Research into asthma & lupus
A study published in 2014 explored the connection between asthma and lupus. The researchers shared in the exposition that there may be “immunologic similarities between allergies and autoimmunity.” Some studies have shown connections between lupus and atopic disorders like asthma, rhinitis conjunctivitis, and dermatitis.
The goal of research was to expand the existing literature using a retrospective cohort study. These types of studies use large datasets, typically provided by a large insurer. For this study, the data came from the National Health Insurance (NHI) system of Taiwan. Taiwan has a single-pay program that serves 99% of the 23.74 million Taiwanese people.
13,072 People with lupus were included in the trial. All participants were part of a SLE-certified illness program in Taiwan that required a valid lupus diagnosis.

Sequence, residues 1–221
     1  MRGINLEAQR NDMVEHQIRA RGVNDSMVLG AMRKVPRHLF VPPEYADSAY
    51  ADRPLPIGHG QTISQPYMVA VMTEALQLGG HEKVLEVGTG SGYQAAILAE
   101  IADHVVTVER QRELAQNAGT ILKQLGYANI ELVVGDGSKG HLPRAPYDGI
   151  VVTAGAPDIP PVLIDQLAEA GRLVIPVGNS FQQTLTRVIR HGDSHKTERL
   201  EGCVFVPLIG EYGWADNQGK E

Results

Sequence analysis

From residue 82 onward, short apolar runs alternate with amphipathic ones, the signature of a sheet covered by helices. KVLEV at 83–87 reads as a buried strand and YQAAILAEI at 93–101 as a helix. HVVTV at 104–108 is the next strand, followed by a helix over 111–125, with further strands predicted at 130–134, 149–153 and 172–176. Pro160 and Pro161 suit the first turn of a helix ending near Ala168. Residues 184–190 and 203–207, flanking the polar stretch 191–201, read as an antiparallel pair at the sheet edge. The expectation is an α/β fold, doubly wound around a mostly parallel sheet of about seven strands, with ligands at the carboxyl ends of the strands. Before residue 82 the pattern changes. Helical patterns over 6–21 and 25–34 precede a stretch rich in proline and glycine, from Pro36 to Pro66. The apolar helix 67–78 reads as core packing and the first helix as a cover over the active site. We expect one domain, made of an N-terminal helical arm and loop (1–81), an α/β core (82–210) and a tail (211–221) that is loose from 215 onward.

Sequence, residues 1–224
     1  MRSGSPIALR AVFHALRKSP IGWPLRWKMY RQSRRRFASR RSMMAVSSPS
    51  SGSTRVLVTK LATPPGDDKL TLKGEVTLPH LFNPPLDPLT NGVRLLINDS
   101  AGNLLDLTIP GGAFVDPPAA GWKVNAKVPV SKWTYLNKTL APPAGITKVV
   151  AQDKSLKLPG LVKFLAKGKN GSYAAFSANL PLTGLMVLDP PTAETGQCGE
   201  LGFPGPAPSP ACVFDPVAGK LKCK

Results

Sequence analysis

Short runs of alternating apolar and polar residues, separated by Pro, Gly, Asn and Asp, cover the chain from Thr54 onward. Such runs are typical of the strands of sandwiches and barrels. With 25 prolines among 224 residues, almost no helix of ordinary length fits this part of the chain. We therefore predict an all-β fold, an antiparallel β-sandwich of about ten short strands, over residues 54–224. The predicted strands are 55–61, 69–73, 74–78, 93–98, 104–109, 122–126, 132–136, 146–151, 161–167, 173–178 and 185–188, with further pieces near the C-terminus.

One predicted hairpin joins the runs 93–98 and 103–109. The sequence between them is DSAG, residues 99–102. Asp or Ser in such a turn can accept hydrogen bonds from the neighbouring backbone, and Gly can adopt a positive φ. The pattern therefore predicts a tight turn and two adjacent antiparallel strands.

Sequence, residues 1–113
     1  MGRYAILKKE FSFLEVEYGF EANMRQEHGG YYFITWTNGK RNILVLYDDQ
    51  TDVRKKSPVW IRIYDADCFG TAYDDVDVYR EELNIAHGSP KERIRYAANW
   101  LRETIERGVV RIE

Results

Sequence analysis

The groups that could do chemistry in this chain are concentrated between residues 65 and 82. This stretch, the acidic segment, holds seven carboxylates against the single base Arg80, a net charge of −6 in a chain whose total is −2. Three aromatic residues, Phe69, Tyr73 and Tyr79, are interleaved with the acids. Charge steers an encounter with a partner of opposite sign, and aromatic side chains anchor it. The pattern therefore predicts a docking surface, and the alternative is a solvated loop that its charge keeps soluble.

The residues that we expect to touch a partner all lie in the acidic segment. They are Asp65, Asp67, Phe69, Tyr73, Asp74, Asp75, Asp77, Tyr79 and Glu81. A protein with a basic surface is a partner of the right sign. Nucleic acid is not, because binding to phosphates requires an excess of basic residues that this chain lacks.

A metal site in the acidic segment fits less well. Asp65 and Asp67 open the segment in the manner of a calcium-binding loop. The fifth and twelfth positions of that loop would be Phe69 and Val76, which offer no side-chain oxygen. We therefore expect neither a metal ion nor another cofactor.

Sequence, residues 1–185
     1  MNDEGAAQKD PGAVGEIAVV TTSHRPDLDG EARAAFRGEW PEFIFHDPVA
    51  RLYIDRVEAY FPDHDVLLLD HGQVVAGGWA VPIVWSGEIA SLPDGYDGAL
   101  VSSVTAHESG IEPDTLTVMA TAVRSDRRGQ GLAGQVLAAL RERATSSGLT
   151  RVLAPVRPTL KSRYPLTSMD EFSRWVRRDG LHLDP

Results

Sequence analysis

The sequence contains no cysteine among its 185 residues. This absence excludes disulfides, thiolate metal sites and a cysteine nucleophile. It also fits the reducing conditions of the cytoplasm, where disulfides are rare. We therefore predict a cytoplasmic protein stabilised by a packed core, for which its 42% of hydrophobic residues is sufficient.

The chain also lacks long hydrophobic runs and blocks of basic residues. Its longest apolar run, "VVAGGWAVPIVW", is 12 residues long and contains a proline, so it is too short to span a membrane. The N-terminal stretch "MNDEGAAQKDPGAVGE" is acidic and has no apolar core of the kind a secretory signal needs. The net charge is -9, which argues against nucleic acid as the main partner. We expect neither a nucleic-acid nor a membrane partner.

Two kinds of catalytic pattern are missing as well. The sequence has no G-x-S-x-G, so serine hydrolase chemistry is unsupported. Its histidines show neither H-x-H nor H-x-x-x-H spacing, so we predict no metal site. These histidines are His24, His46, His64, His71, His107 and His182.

52,288 controls were matched to ensure similar age and sex ratios.
The average age at the start of the trial was 35 years old for both groups.
Females made up 87.9% of both groups.
The study lasted for 11 years, but patients were followed up with if during that time they had a new diagnosis of asthma.
The researchers concluded that people with lupus (SLE) have a significantly higher chance of developing asthma when compared to healthy control participants. Even after adjusting for variation, Lupus Warriors were more than 2.5 times as likely to get asthma.
Additionally, there were differences at baseline (prior to the follow-up period). Asthma was 1% more prevalent among the cohort that had SLE. And, the lupus group had significantly greater incidence of the following co-morbid conditions:
- chronic sinusitis
- gastroesophageal reflux disease
- obstructive sleep apnea
The researchers noted the potential issues with their study. Te NHI data used did not include information on smoking habits, which have been linked to the development of asthma. Nor did the researchers have access to body-mass index data, drug history data, or family history data — all of which may be risk factors.